Appellant contends the trial court considered facts which were introduced at the hearing on the declaratory judgment action. The trial court's findings indicate this is true. However, as our review is de novo, we will restrict our consideration to those matters which appeared of record at the time judgment was entered in cause No. 13842.

In the petition filed in cause No. 13842 on April 20, 1965, Eichmeier sought damages from Marshfield for personal injuries and property damages sustained when a gas furnace in a mobile home manufactured by Marshfield exploded on September 13, 1963. Separate counts sought recovery on theories of express warranty, implied warranty, specific negligence and res ipsa loquitur.

The petition alleged the mobile home in question was ordered September 29, 1961 and delivered to Eichmeier November 15, 1961. It was occupied by him as his home from that time to the date of the explosion. All acts on the part of Marshfield of which Eichmeier complained occurred prior to delivery. Although Eichmeier argues to the contrary, we cannot interpret the petition as alleging that Marshfield had anything to do with the mobile home after it was delivered to Eichmeier. In the res ipsa loquitur count there is an affirmative allegation that there was no change in the condition of the gas furnace *852 after the mobile home left Marshfield's control.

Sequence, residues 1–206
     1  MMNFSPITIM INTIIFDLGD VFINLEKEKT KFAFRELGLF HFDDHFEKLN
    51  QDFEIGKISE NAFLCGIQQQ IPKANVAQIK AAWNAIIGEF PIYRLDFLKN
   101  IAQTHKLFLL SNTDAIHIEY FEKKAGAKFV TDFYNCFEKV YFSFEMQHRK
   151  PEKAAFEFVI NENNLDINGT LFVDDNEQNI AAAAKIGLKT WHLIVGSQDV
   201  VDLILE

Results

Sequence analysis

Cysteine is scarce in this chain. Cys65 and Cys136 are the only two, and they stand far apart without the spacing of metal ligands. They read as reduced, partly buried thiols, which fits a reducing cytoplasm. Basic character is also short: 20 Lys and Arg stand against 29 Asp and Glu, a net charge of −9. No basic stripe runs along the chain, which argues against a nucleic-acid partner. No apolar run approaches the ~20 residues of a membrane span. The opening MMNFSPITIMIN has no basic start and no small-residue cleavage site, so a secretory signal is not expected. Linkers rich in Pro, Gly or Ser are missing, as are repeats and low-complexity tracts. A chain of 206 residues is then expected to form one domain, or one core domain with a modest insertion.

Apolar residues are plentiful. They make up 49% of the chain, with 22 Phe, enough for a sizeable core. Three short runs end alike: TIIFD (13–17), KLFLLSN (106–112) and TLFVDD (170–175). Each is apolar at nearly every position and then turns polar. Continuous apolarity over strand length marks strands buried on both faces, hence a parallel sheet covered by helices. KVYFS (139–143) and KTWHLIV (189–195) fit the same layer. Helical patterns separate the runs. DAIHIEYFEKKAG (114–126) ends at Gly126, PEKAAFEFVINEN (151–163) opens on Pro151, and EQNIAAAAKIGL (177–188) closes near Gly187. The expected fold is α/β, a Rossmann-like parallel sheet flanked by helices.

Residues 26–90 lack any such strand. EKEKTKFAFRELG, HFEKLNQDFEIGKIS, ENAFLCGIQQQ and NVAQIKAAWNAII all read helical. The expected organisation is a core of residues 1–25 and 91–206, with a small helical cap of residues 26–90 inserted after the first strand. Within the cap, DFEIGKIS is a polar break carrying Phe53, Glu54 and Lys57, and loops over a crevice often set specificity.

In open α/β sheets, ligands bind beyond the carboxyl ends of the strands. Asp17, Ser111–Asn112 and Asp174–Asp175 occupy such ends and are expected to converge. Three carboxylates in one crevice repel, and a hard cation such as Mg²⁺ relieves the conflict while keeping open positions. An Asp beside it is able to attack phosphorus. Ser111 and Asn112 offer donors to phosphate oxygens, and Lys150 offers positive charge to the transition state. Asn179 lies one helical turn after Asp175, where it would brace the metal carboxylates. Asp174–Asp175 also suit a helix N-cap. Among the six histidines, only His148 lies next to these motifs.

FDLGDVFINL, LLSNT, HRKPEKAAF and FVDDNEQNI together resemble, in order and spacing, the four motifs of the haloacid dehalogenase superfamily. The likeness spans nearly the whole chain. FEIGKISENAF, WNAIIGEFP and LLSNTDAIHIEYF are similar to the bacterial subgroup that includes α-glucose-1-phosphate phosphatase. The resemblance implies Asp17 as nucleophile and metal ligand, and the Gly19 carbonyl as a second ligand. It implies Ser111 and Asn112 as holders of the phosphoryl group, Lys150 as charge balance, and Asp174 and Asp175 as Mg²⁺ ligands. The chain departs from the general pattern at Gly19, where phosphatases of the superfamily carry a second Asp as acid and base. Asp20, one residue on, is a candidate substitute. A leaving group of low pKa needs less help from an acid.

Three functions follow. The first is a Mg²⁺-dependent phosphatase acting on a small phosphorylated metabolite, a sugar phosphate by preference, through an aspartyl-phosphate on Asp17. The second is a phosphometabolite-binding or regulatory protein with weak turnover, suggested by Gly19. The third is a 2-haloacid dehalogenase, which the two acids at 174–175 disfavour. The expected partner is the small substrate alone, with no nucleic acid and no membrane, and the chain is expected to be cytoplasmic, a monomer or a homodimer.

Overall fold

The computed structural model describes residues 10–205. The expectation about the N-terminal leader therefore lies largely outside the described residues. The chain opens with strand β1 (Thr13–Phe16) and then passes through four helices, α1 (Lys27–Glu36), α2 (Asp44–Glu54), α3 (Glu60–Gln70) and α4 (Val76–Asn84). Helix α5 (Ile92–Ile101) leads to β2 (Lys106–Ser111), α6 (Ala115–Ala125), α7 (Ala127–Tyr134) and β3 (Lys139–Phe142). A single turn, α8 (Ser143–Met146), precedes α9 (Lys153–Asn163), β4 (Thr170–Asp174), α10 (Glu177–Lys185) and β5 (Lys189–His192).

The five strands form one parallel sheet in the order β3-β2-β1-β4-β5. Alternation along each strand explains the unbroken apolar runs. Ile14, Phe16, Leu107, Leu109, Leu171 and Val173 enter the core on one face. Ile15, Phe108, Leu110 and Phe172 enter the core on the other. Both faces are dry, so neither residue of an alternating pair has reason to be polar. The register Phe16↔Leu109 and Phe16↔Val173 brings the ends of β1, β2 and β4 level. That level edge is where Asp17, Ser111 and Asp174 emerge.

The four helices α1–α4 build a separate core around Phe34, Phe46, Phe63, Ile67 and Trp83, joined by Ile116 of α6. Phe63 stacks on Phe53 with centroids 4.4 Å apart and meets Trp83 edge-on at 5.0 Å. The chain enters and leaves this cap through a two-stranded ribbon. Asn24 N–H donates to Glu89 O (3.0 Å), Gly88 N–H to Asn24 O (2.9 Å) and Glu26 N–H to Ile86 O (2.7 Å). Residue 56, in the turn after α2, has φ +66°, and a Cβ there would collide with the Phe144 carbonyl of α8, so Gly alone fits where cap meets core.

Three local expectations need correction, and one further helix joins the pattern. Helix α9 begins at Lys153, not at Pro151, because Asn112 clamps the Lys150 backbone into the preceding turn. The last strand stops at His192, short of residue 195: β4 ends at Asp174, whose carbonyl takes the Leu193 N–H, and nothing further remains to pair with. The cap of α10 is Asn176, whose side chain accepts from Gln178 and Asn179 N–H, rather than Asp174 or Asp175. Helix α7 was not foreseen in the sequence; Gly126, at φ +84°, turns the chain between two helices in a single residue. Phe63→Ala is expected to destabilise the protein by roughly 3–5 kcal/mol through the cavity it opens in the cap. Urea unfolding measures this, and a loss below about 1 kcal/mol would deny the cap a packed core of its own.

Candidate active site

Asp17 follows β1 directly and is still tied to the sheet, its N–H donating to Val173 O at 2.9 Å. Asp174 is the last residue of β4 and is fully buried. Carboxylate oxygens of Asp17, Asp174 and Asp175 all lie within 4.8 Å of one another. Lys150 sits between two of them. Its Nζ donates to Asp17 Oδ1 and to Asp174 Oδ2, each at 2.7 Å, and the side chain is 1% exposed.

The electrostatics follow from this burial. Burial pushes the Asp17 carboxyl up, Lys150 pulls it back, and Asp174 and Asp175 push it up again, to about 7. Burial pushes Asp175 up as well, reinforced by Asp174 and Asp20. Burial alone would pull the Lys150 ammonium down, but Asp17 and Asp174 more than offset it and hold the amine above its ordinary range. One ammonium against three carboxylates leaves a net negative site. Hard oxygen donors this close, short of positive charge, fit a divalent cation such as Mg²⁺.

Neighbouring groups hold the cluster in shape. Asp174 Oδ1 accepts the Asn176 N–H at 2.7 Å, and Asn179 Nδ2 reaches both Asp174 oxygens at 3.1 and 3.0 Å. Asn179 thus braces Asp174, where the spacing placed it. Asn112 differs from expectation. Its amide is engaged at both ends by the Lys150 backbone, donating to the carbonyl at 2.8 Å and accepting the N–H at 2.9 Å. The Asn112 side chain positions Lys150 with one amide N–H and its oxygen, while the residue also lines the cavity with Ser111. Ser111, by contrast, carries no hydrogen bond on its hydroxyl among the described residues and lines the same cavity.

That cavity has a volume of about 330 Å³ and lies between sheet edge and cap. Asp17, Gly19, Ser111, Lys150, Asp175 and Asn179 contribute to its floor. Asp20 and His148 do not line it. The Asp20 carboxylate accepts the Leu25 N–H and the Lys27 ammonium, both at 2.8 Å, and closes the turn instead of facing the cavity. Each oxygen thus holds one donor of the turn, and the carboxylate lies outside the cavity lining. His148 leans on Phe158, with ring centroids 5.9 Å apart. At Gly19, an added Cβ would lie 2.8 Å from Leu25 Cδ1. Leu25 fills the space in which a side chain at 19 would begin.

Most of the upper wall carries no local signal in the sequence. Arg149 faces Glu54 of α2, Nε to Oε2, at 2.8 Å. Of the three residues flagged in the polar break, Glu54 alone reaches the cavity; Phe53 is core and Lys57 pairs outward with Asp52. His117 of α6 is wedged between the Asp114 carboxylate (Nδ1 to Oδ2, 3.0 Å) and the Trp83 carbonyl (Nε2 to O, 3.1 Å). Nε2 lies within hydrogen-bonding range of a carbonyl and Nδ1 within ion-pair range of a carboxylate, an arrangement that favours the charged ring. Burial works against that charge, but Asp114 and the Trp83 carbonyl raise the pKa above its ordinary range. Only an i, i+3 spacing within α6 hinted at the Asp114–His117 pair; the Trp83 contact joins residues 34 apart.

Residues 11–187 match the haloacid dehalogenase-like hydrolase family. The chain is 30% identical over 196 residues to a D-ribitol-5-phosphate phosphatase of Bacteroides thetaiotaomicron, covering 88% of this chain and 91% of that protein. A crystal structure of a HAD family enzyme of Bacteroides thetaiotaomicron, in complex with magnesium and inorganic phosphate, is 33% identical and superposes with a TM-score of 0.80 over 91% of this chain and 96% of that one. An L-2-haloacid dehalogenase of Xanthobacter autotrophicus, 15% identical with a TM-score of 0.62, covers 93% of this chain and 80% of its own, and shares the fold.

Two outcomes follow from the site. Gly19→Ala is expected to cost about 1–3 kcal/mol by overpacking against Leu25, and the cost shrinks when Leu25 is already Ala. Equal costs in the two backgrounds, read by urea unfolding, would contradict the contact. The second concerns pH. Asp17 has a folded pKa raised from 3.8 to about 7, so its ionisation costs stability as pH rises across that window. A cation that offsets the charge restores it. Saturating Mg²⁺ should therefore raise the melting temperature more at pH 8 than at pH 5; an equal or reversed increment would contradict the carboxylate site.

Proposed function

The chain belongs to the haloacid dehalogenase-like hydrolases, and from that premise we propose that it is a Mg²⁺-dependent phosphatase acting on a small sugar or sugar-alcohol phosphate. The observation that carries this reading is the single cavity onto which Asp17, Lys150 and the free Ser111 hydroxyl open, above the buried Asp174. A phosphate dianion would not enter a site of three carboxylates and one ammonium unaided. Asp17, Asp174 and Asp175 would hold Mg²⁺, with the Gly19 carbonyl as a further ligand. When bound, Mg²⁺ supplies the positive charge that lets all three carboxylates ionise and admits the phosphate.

There were no allegations Marshfield had a permit to do business in Iowa. Notice was served on the secretary of state and copies were mailed to Marshfield in accordance with Chapter 325, Laws of the 60th General Assembly, which became effective July 4, 1963, and is now part of section 617.3, Code of Iowa.

Marshfield did not appear and default was taken against it August 24, 1965. On May 10, 1968, judgment was entered on the default against Marshfield and in favor of Eichmeier for $11,719.18 and costs.

Garnishment proceedings were instituted in August 1968 and the present action was filed September 18, 1968.

We conclude the record before the trial court at the time judgment was entered in cause No. 13842 revealed Marshfield's acts, which were the basis of this lawsuit, occurred prior to July 4, 1963, the effective date of the "long arm" statute, under which Eichmeier attempted to obtain service and that the injury occurred after the effective date of the act.

II. This trial court relied on and this case is controlled by Krueger v. Rheem Manufacturing Company (1967), 260 Iowa 678, 683, 149 N.W.2d 142, 147, in which we held the legislature intended the act to apply prospectively only, and Chrischilles v. Griswold (1967), 260 Iowa 453, 464, 150 N.W.2d 94, 101; Snakenburg v. Jason Mfg., Inc. (1968), Iowa, 157 N.W.2d 110, 112-113; and Schnebly v. St. Joseph Mercy Hospital of Dubuque (1969), Iowa, 166 N.W.2d 780, 783. In the last three cases we held the date of defendant's acts which are the basis of the lawsuit must have occurred after July 4, 1963 on the theory that defendant could not be deemed to have consented to subject himself to jurisdiction of the Iowa courts under a law which had not been enacted at the time he acted.